My first tip is to try to figure out what you like before you get to a cast member. It was obvious that I was new as my friends quickly picked the more interesting pins off people before I’d even had a chance to scan the lanyard. It only takes a second to scan for a nerd if you know what you’re looking for and in pin trading, being able to scan quickly pays off. If you’re the first one to claim a pin – say that you want, not just see – it’s yours.
Lesson 2: Don’t decide to start pin trading at Walt Disney World.
Unless you want to go broke, make the decision to start pin trading now and figure out a good reputable place to purchase inexpensive trade-up pins before your vacation. The pin trading experience felt a bit like playing Candy Crush. In Candy Crush, when you run out of lives, you can either wait and play again for free in an hour or spend the money to purchase another coin and play right away. It took all I had to not run back to the World of Disney Store to purchase more trade-up pins once the first set of eight was gone.
It’s also really hard to start collections when you only have a few pins to trade. You end up just trading the same pins over and over again trying to put together something cohesive. Buy enough pins before your trip so that you can trade any time you see something you want, without giving up a pin you’d rather not trade.
Lesson 3: Mystery pins are the blind bags of pin trading.
Sometimes cast members will have pins turned over so you can only see the back, not the actual pin itself. Mystery pins are like blind bags for pin trading. If you want a mystery pin, you tell the cast member and you’re stuck with whatever pin they flip over. They were my favorite, especially after I saw one of my TravelingMom friends land two or three more exciting pins through mystery selections.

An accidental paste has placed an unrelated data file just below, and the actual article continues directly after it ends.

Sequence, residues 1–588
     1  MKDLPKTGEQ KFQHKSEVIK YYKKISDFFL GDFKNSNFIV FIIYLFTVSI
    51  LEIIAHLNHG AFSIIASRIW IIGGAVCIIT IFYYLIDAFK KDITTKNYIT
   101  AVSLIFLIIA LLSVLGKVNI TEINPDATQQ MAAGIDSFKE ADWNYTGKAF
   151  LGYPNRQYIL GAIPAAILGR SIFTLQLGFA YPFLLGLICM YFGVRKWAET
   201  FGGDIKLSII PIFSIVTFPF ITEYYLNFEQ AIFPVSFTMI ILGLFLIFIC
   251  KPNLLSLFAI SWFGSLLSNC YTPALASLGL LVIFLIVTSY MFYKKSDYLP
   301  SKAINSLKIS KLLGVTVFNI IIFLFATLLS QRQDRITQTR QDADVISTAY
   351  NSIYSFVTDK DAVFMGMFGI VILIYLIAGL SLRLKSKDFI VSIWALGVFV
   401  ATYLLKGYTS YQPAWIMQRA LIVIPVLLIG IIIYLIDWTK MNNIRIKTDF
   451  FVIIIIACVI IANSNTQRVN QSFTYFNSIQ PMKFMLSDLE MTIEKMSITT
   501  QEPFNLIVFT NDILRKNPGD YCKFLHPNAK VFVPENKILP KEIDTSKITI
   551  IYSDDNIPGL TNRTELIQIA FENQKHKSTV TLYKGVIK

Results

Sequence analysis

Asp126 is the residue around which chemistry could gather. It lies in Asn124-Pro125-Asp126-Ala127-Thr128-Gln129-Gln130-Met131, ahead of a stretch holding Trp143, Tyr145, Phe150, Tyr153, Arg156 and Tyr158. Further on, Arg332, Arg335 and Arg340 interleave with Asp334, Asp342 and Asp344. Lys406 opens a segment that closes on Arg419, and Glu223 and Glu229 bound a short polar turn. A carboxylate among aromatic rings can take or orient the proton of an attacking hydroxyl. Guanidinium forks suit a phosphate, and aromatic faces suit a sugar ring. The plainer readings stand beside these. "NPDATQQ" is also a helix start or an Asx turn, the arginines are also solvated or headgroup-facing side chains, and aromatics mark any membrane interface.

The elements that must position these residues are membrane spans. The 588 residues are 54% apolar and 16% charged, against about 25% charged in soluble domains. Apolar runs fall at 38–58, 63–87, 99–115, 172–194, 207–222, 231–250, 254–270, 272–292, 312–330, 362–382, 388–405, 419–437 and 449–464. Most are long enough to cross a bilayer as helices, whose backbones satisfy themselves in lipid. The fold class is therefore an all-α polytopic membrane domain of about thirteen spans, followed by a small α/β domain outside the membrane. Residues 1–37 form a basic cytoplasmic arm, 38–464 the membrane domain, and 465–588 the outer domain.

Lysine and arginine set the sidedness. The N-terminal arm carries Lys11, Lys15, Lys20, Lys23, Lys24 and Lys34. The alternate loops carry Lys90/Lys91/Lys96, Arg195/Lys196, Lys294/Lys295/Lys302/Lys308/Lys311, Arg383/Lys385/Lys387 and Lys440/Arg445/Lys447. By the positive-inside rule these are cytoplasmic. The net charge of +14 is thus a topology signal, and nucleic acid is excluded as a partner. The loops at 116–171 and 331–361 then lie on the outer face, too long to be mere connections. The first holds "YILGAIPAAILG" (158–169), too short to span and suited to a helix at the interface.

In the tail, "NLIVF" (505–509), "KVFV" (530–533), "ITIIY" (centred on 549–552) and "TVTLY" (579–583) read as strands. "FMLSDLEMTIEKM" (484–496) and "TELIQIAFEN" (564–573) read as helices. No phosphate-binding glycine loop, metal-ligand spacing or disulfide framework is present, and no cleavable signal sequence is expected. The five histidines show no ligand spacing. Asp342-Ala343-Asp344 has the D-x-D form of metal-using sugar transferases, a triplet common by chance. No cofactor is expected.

TravelingMom Tip: If you’re with a group, have someone who is done trading ask if there is any way to see the mystery pins. We had a couple of cast members willing to show the non-trading traveling mom (and all of us nearby) the mystery pins for the price of a correct answer to a Disney trivia question. Often times cast members won’t give you the option to see them, but it worked enough times that it doesn’t hurt to ask.
Lesson 4: It’s not annoying. Or just for kids.
Both of those thoughts ran through my head at various times over the course of the weekend. However, after talking to numerous cast members and asking if it was annoying to have people looking at their pins, the resounding answer was no. Most of the cast members were not only happy to show us their pins, they loved that particular part of their job. And even when we were closing down the Disney Store in Disney Springs, the cast members were coming from all over the store to show off their pins and tell us, three grown women, stories about their experiences pin trading. So no, it’s not annoying or just for kids; it’s for everyone.
I may not ever collect an entire dress full of unique pins like one guest we saw at Mickey’s Not-So-Scary Halloween party, but I am from here on out calling myself an official Disney pin trader. And next time I head to Disney, I’ll be prepared with an entire bag full of cheap pins to trade away and a Pinterest board full of collections I’m searching for.